Bundesliga given government approval to resume later this month
Clubs in the top two tiers of German football have been back in training since last month.
The German Bundesliga looks set to be the first of Europe’s ‘Big Five’ leagues to resume amid the coronavirus pandemic after the federal government gave the go-ahead on Wednesday.
Clubs in the top two tiers of German football have been back in training since last month with a view to restarting the 2019-20 season in May.
German chancellor Angela Merkel told regional authorities on Wednesday that competition could restart in the second half of May. The 36 clubs will hold a conference call on Thursday to finalise a resumption date.
Christian Seifert, the managing director of the German Football League (DFL) said: “Today’s decision is good news for the Bundesliga and the 2nd Bundesliga.
“It is associated with a great responsibility for the clubs and their employees to implement the medical and organisational requirements in a disciplined manner.
“Games behind closed doors are not an ideal solution for anyone. In a crisis threatening the very existence of some clubs, however, it is the only way to keep the leagues in their current form.
“On this day, I would like to thank the political decision-makers from the federal and state governments for their trust.”
Borussia Dortmund chief executive Hans-Joachim Watzke said in a statement on his club’s official website: “”We’re very pleased that the people in Germany – and, from a regional point of view, the people in Dortmund and the surrounding area – have conducted themselves so magnificently in recent weeks that the spread of the pandemic could at least be contained.
“It is only thanks to the incredible discipline on the part of the population that we can now, gradually and in small steps, move on to another form of normality.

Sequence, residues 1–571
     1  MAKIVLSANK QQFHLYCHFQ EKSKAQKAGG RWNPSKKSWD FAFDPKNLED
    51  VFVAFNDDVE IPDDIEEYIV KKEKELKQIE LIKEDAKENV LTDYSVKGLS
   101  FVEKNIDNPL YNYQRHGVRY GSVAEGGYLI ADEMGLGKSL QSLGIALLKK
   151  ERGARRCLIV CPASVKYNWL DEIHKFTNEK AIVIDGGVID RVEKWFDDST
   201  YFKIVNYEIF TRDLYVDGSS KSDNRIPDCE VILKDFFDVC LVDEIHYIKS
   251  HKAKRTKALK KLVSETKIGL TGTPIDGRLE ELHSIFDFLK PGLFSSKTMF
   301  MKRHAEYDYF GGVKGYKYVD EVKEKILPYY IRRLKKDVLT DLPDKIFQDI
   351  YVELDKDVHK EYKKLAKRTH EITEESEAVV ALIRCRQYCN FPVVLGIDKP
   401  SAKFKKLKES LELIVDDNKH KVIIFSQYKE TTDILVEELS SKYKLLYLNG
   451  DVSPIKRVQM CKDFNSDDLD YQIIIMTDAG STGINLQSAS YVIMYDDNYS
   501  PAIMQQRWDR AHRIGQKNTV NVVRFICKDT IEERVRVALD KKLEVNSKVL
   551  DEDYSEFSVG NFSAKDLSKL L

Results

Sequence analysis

“Many industries are now slowly starting up again in compliance with strict rules, and this applies to professional football too.
“In this context, we at Borussia Dortmund are aware we have a great responsibility. We will – in the knowledge there can be no guarantees – do everything in our power to ensure the highest-possible degree of safety in order to prevent any new infections among the players and their families.
“Having to play behind closed doors is an enormous challenge, especially for a club like BVB, which draws a lot of strength from the passion of its supporters. However, it would not have been economically viable for the clubs to allow the Bundesliga to pause until spectators were allowed back into the stadiums.”
German clubs are conducting regular tests on all staff connected to the 36 clubs in the top two divisions.
Earlier this week the German Football League (DFL) said that out of 1,724 tests conducted, 10 individuals had tested positive for coronavirus.
Three of those individuals were connected to second tier side Cologne – with two of their players and a physiotherapist reported to have tested positive. All 10 individuals have been isolated, the DFL said.
Cologne said on Monday that there were no further positive tests in a subsequent round.
The Bundesliga resumption has also been hit by other controversies, with Hertha Berlin’s Salomon Kalou suspended after filming himself flouting social distancing rules.
There has been no action in the Bundesliga since March 8.
Bayern Munich lead Borussia Dortmund by four points with nine matches left to play.
Elsewhere in Europe, Belgium has followed France and Holland in officially ending its season.
The Belgian Pro League will hold a meeting about how to end its season on May 15 after the country’s national security council barred any professional football competition taking place in the country before the end of July.